The D-day finally got there and the Coder-Maker program was launched on February 10, 2016 at Achrafieh Public Secondary School, in close partnership with the Mona Bustros Foundation and under the patronage of the Ministry of Education and Higher Education.   The energy in the room was wonderful, with attendance of officials, guests, principals as well as teachers and students from the 10 schools. Amongst the display of sample Coder-Maker projects, a robot with HE Nicolas Sehnaoui holding a Raspberry Pi was circulating on the side, almost welcoming people arriving. The project is funded by the Muna Boustros Foundation, with sponsorship from Microsoft, Hyundai, Alfa and Miatel.

Director General Mr. Fadi Yarak highlighted the added value of the Coder-Maker program, and the skills that it provides students for their future employment. He gave the example of Dhour Shweir Traffic Light’s project, which runs on Raspberry Pis and is a premiere for High School students to implement in their village. HE Nicolas Sehnaoui, shared his wish to reach every school in Lebanon and spoke about the importance of coding in order to respond to the increasing shortage of talent and meet the needs of employment. It is not enough to equip schools with technology Sehanaoui said, so the program provides training as well.

Mrs. Eliane Metni, Director of IEA, explained that the project equips schools with the affordable Raspberry Pi computer and basic electronics items; she explained that the teacher professional development is a continuous process, which follows IEA’s Learn-As-You-Work model providing support to teachers and teams in the process of their project design and implementation.  She explained that the aim of the project is to ignite innovation in after-school activities and projects and provide Coder-Maker students with strong foundations for their future and for making career choices.

In this pilot with ten schools, three are girls only schools as there is a very special focus to provide Lebanese girls the opportunity to expand their scientific and technological capabilities.  In deed, Lebanese girls have proven internationally that they are successful entrepreneurs, scientists and innovators.  

At the end of the event, a “Raspberry Pi” raffle took place and two students left winning two Raspberry Pi kits.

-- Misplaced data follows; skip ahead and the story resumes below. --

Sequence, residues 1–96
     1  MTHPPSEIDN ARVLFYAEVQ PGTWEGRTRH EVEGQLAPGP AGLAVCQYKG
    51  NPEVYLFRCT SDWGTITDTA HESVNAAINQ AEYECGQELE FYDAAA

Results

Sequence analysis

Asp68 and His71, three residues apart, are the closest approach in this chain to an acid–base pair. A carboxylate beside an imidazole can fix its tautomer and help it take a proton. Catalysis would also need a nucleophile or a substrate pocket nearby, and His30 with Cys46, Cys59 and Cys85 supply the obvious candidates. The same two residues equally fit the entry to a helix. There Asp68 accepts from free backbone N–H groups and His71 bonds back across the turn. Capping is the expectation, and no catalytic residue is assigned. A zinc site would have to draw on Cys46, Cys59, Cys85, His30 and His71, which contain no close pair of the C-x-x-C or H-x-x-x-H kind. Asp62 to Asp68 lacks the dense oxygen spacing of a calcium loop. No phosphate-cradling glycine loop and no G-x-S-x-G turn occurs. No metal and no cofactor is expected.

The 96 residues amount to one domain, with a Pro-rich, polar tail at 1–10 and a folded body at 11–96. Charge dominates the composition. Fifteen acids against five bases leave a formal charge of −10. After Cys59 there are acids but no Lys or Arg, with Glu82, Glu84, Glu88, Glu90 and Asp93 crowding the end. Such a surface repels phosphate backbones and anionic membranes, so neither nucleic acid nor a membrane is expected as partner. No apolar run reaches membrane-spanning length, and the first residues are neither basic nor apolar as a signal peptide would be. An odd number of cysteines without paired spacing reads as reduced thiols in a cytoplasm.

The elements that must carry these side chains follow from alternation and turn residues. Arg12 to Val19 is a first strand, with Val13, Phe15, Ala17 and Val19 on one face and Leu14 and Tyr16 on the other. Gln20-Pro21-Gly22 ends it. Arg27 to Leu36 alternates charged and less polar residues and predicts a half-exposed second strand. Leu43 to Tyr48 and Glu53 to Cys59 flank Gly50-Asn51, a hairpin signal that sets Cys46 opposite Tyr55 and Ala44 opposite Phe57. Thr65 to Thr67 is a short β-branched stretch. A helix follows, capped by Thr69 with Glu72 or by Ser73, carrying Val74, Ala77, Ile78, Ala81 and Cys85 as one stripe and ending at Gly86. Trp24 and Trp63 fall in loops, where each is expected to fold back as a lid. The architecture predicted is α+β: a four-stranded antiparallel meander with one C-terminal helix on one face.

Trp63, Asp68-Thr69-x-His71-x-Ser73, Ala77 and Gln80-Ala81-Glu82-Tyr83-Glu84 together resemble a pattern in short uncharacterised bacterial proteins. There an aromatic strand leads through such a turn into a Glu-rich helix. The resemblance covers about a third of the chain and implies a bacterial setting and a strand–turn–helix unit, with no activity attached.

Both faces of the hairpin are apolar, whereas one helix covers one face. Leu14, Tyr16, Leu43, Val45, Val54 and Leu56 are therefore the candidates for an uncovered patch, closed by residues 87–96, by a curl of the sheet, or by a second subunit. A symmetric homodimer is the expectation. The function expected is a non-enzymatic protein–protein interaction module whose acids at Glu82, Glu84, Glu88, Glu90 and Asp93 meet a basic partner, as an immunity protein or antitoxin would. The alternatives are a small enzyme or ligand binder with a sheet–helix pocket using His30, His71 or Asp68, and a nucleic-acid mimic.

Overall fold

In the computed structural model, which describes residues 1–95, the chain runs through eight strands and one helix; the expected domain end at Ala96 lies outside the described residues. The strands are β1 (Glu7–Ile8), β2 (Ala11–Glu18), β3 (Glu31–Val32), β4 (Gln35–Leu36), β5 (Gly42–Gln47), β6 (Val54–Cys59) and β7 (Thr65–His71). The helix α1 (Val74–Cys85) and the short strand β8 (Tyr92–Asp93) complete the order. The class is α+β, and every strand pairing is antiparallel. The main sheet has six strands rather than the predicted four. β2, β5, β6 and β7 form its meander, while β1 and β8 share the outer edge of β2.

L'orient Le Jour



What is IEA’s Coder-Maker program?

IEA’s Coder-Maker projects have a strong STEAM foundation and students follow the engineering process in their project work. Students build on their observation of the world around them, identify real-life problems, design solutions to resolve them, construct mock-ups from “things around them”, and operate them with codes they have written.

The program leverages PEC3 skills, Problem solving, Entrepreneurship, Critical Thinking, Collaboration, and Communication, promoting students to become producers rather than consumers of knowledge, information, and applications.   In these engaging activities, students address STEAM topics (Science, Technology, Engineering, Arts, and Mathematics) in three hands-on and engaging steps.  First they learn through inquiry the basics and essentials to get started, then they apply them in concrete examples. Finally, they create their own application and take ownership of their projects, which triggers a joy of learning.  In the process, the scientific and technological theoretical concepts that students learn in class come to life leading to much deeper understanding.


Coder-Maker Teacher Workshop

The first workshop took place on Saturday Feb 27th from 9:30 to 2:30 with teachers from seven out of the ten schools. The three schools that did not join had participated in several workshops dedicated to initiate teachers to get started on their Raspberry Pi projects with their students. They will join the third training day and receive intensive training and support.  

At first teachers expressed their reluctance to join the workshop. We had an engaging conversation about the overarching goals of the project, how the program works and what their role as teachers will be in the process.  It still seemed a bit fuzzy to them at first, but when they started working on the Raspberry Pi, coding, and basic electronics they felt much more at ease with the process, slowly making sense of things. Their buy-in was total.

In the discussion reviewing the day, several teachers  expressed their interest in bringing students with them to engage them early on in the process and generate more student leadership.   Several Maths teachers mentioned that although this was very interesting, probably physics teachers at school would be better able to lead students in the design of projects particularly that they are already taking part in other initiatives at school.  All of them felt the need to clarify the structure of work at school, which will be discussed with the Ministry of Education.
It was wonderful to start on such a positive tone and to have ALL new schools participate and voice their opinion.